Published on:15 November 2017
Volunteers from across the borough were honoured in a ceremony with the Mayor of Enfield, thanking them for their hard work in creating the Local Heritage List.
- Volunteers thanked by the Mayor of Enfield for their work on the Local Heritage List
- The List contains landmarks from across the borough that are of local interest
- Over 30 volunteers gave their time to help identify the best candidates
Volunteers from across the borough were honoured in a ceremony with the Mayor of Enfield (14 November), thanking them for their hard work in creating the Local Heritage List.
The list contains buildings, archaeological sites, landmarks and designed landscapes that have been identified as having local heritage interest, are important to the community and have a positive benefit to Enfield.
A survey of every street in the borough was undertaken and a list was created with the help of over 30 volunteers alongside Enfield Council, The Enfield Society, environment specialists Urban Vision CIC, Enfield Conservation Advisory Group, Enfield Local History and Historic England.
Enfield Council’s Cabinet Member for Economic Regeneration and Business, Cllr Alan Sitkin, said: “Enfield is a borough rich in history and our cultural heritage is embedded in these wonderful landmarks. Every item on the list has a tale to tell about our exciting and strong communities and it is only right that we do what we can to conserve these local assets for the future.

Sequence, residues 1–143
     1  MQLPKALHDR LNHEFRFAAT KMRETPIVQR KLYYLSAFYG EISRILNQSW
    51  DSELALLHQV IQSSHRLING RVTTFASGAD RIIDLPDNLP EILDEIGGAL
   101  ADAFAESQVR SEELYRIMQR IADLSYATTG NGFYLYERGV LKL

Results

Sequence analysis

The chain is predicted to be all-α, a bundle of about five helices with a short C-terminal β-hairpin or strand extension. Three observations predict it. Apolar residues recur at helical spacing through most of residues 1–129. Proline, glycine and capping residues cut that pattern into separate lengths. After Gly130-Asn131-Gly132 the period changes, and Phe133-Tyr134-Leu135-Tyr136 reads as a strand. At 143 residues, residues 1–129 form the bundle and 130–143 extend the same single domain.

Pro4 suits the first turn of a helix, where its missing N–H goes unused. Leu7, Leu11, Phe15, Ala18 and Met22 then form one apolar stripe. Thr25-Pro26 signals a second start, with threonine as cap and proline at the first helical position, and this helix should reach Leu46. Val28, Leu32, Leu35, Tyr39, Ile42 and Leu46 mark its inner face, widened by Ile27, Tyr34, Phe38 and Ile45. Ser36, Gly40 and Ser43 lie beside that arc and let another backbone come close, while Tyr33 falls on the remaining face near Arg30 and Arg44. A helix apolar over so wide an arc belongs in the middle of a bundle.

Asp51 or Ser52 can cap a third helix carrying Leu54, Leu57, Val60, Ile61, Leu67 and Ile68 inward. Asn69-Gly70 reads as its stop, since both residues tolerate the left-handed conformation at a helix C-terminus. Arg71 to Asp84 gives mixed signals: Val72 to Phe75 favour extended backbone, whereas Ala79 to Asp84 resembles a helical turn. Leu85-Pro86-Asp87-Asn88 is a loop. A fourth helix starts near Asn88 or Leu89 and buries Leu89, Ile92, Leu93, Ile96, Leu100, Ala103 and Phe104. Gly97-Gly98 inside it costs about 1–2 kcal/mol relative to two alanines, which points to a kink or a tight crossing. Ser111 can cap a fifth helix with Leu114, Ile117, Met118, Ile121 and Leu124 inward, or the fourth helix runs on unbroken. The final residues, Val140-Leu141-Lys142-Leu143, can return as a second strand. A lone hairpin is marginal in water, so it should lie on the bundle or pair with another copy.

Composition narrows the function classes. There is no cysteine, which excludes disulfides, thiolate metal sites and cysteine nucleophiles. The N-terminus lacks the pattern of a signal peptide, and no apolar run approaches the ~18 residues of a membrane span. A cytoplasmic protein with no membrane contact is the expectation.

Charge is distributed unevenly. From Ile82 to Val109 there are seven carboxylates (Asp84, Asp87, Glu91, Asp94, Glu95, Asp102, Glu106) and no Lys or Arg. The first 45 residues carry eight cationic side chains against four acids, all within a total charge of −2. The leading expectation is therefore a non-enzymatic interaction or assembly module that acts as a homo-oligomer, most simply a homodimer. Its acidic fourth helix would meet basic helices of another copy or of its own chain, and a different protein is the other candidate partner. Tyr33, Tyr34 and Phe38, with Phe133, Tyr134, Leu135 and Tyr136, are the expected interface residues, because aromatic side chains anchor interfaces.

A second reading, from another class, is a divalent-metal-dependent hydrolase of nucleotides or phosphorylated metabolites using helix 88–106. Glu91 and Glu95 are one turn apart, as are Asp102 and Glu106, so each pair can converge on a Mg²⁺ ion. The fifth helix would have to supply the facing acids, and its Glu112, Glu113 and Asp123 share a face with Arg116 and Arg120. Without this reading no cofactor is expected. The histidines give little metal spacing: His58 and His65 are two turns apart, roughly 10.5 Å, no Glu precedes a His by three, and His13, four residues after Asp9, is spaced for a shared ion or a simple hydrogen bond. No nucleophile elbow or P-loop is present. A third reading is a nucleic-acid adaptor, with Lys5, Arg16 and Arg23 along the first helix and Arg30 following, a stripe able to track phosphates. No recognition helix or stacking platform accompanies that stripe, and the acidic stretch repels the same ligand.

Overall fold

“Enfield Council would like to thank every volunteer for their help in creating this list. Their time and enthusiasm has been invaluable.”
Over 500 landmarks across the borough were put forward for consideration and the list was whittled down to around 260 places of interest. The list is truly surprising. There are of course the usual, beautiful homes with architectural merit. However there are some unexpected gems; the rare, red post boxes featuring the royal cipher of Edward VIII, who reigned for less than a year before abdication; Enfield’s cast iron directional finger posts; Oakwood Park’s ice well; and the Cockfosters water tower erected in 1968.
The list, which hadn’t been updated since 1974, can be viewed here: https://new.enfield.gov.uk/services/planning/heritage-conservation-and-countryside/listed-buildings/
For further information, please contact firstname.lastname@example.org, and use the term Local Heritage List in the subject heading. If you are interested in volunteering, there are many opportunities across Enfield. Please go to www.enfield.gov.uk/heroes to read more about giving up your time in your community.